Please don’t send money before you hear back from me. Spots are limited, and I keep these classes very small to allow for close attention to each participant.

“Revising Fiction” Workshop Scheduled!

Attention fiction writers: My annual “Revising Fiction” has been scheduled to begin on March 16, 2017, and is now open for registration.

Plato

For those who are not familiar with it, this intensive online workshop is for writers with a completed draft of a novel or a body of short stories to work on bringing their fiction to the next level. Whether it’s a first draft or a 10th, participants’ books will undergo a process that will result in much stronger manuscripts, along with tools they can apply to everything they write in the future. This is the most advanced workshop I offer; it’s geared not only to talented aspiring writers but also to published writers who know how important it is to keep growing their craft. Please note that the workshop requires a significant investment of time, typically 10 to 16 hours a week over 14 weeks—but that includes time spent editing your own work.

Getting published is hard; staying published may be even harder. Writing for one of the big five houses is to writers what playing professionally is to athletes: in addition to talent, you have to be at the top of your game to have a chance. Athletes train for years to reach that level. Some writers expect to achieve it with the first story they write. Very few do. Most published writers have had to go back of the same book time and time again, or write another with the lessons learned from writing the first, before they break into print. Editing is an essential part of the writing process, and the one most often neglected. First drafts are where writers capture the story, pinning it to paper so it can’t escape. Subsequent drafts are where they turn that raw material into art.

When I was an agent, the hardest submissions to reject with were the ones that came within a draft or two of being publishable. Often these were books by talented writers whose execution doesn’t quite measure up to their talent. They weren’t salable as written, and like most agents, I didn’t have time to teach aspiring writers how to finish their work.

Now more than ever, writers are expected to learn the craft on their own dime.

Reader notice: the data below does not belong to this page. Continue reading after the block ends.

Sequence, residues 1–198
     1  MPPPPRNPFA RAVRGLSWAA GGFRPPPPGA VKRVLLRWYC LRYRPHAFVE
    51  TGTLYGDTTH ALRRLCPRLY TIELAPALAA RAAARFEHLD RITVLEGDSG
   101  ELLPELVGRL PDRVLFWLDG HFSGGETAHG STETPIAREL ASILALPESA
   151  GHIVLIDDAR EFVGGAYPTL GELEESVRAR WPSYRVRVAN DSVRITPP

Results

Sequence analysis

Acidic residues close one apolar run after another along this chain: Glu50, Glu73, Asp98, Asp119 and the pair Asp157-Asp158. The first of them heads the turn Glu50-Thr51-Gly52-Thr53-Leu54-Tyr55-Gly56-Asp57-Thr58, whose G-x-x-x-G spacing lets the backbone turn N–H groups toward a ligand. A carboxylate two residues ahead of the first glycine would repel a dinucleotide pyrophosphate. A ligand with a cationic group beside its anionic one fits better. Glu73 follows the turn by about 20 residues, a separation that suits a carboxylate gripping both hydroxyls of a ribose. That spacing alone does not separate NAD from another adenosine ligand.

That craft includes the essential ability to self-edit, the final step in the actual writing of the book, before it is taken up by an agent or publisher. As William Zinsser said, “Rewriting is where the game is won or lost; rewriting is the essence of writing.” But of course that’s easier said than done. Most writers want to revise their work, to bring it closer to the ideal novel they envisioned when they set out on this journey. They know that, no matter how impeccable we are, our first drafts are just a rough approximation of what our stories are meant to be. Editing is not just a matter of chipping away excess bits or changing a word here and there. It also entails building up, shifting emphasis, adding or omitting characters and subplots, clarifying and enhancing theme.

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Good writers are good editors.

Everyone knows that, and everyone aspires; but there are obstacles to effective self-editing. One is the difficulty of getting feedback of a quality high enough to raise our level of play. Another is the fact that by the time we finish a complete draft of the work, we’ve read it too often to address it with the objectivity required for editing. The “Revising Fiction” workshop was created to address both those problems, and to provide fiction writers with a methodical way of going about revision.

I’m proud that quite a few writers who’ve taken this workshop have gone on to find agents and publishers, but there’s no guarantee of that outcome. All I promise is that participants will come out of the course with better drafts and more tools in their writers’ toolbox. I back that up with a money-back guarantee: anyone who takes this course and decides within a few weeks that it’s not appropriate can withdraw and get their tuition back. I teach the course myself, read and critique every word by every participant, oversee peer critiques, guide discussions, provide lectures and supplementary material.